Deaf Athlete Teaches When Not to Listen

Deaf Athlete Teaches When Not to Listen


Hearing-impaired athlete Lester Lagos wears his finisher medal after his race in the National Age Group Championships of K-Swiss ITU Subic Bay International Triathlon last April. He says he will never take for granted the challenges and opportunities, which push him every day to work harder and smarter.

Athlete Lester Lagos said he is out of his element. An elite deaf swimmer, the only sound he can hear is his body, begging him to give up on his newly adopted sport—something he has learned to overcome and ignore.

For two decades, the deaf athlete bagged more than 50 individual swimming awards in local and international competitions. His prowess was also seen at major aquathlon (swimming and running) events organized by In the National Age Group Championships of K-Swiss ITU International Triathlon in Subic last April, he found a new venue to display his talents.

“It was my first time participating. I told myself I couldn’t do it well, and all the time I forced myself to keep going,” Lagos recalled. His determination proved worthwhile when he finished 13th in the Standard Distance (1.5k swim, 40k bike, 10k run) under M30-40 category, out of 92 participants.

But even for an experienced swimmer, victory didn’t come easy. “When I first got into triathlons, I was truly surprised at how my body reacted during the transition from swimming to biking and biking to running,” he said. “The swim to bike transition (T1) is much harder. Personally, I find T1 to be the hardest part of a triathlon.”

Looking back, Lagos summarized his pre-competition training routine: three hours a day, six days a week. “My lungs burn at practice as my body screams for me to stop, but my mind yells louder for me to push through,” he said.

Apart from his training, Lagos needed to attend to his other needs. “I have to be a travel agent, sponsorship manager, and financial planner on top of the many hours I devote to training. This can be overwhelming at times,” he said, adding that his inadequate resources taught him to prepare his training and nutrition program on his own, while asking experienced athletes on proper techniques.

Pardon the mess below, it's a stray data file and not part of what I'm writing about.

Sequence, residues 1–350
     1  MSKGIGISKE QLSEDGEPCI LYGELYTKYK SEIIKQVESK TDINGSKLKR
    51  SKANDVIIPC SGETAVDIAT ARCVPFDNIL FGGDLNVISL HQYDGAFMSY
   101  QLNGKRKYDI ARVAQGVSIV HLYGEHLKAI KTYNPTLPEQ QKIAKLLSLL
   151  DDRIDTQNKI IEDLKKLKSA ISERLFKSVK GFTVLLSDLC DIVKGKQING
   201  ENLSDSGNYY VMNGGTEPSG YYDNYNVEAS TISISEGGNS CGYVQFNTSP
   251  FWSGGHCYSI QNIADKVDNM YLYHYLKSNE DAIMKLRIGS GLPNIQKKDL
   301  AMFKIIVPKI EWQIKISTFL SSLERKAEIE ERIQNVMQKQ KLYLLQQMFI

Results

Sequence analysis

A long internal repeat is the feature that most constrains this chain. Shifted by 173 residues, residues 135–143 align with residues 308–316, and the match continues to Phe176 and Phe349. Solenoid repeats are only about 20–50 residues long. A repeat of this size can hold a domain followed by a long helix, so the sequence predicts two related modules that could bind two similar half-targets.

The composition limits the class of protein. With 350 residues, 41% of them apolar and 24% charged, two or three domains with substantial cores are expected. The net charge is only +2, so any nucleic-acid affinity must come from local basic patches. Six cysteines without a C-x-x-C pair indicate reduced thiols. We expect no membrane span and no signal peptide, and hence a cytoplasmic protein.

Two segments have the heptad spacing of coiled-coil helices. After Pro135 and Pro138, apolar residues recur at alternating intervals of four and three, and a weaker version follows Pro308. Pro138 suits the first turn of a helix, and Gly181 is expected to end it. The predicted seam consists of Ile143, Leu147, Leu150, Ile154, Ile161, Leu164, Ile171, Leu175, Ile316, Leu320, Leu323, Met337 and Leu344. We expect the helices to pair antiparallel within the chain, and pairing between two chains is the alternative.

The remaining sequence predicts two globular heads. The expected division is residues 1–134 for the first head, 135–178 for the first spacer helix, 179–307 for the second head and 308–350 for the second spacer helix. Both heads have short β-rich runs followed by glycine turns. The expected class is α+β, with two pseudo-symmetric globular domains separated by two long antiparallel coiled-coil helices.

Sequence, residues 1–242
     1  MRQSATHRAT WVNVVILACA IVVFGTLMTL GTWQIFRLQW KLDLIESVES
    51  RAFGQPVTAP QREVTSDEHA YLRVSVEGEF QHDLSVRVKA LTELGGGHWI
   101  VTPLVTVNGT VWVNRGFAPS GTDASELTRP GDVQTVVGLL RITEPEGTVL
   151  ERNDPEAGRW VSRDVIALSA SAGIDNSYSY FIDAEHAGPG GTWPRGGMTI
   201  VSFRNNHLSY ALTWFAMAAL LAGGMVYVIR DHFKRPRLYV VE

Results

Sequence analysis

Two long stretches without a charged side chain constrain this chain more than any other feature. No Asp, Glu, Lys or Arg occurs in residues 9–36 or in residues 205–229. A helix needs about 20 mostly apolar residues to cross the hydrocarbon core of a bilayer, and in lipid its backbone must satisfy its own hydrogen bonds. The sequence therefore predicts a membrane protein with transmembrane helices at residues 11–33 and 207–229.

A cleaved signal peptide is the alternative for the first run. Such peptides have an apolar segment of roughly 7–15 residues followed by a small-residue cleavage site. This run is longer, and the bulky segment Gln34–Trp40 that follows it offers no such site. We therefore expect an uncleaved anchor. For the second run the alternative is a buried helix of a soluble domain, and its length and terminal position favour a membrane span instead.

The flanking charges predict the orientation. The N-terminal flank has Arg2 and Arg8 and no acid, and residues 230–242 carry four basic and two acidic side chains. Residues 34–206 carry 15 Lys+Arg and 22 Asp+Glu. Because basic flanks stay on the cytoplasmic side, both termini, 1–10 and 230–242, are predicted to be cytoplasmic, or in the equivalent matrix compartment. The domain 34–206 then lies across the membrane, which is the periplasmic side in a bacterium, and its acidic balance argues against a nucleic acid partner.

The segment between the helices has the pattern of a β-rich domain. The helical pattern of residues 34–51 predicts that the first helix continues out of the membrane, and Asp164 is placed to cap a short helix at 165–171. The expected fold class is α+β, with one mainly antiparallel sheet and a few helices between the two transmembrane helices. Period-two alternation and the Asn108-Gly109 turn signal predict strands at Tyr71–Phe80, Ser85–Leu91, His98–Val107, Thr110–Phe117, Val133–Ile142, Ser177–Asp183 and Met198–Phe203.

Seeing this, imaging giant Canon, a company active in Persons with Disability welfare, backed his participation in the National Age Group Triathlon Championships along with a few paratriathletes. Alan Chng, president and CEO of Canon, said the country is teeming with prospects that can make it big in international sporting events. “All they need is a little help and our faith in their abilities,” he added.

A member of the Canon Advocacy Team, a group of volunteer photographers who contribute time and skills to give back to the society, Lagos pays forward the support he gets by teaching hearing-impaired toddlers basic swimming lessons and preparing beginner athletes for the open water. “My dream is to be a role model to the deaf young athletic community,” he said.

For Lagos, the National Age Group Triathlon Championships is only the start, setting his sights on two triathlon events this year. “When I do triathlons, it is not about hearing; it is about going. Losing my hearing has given me a positive outlook in life because I learned you can take something so negative and allow positive things to come from it. I am attempting to prove that disabilities are not a hindrance when you put your mind and soul into what you do,” he said. “You need to be proud of what makes you who you are. You can’t put yourself down for something that makes you different.”




Deaf Athlete Teaches When Not to Listen

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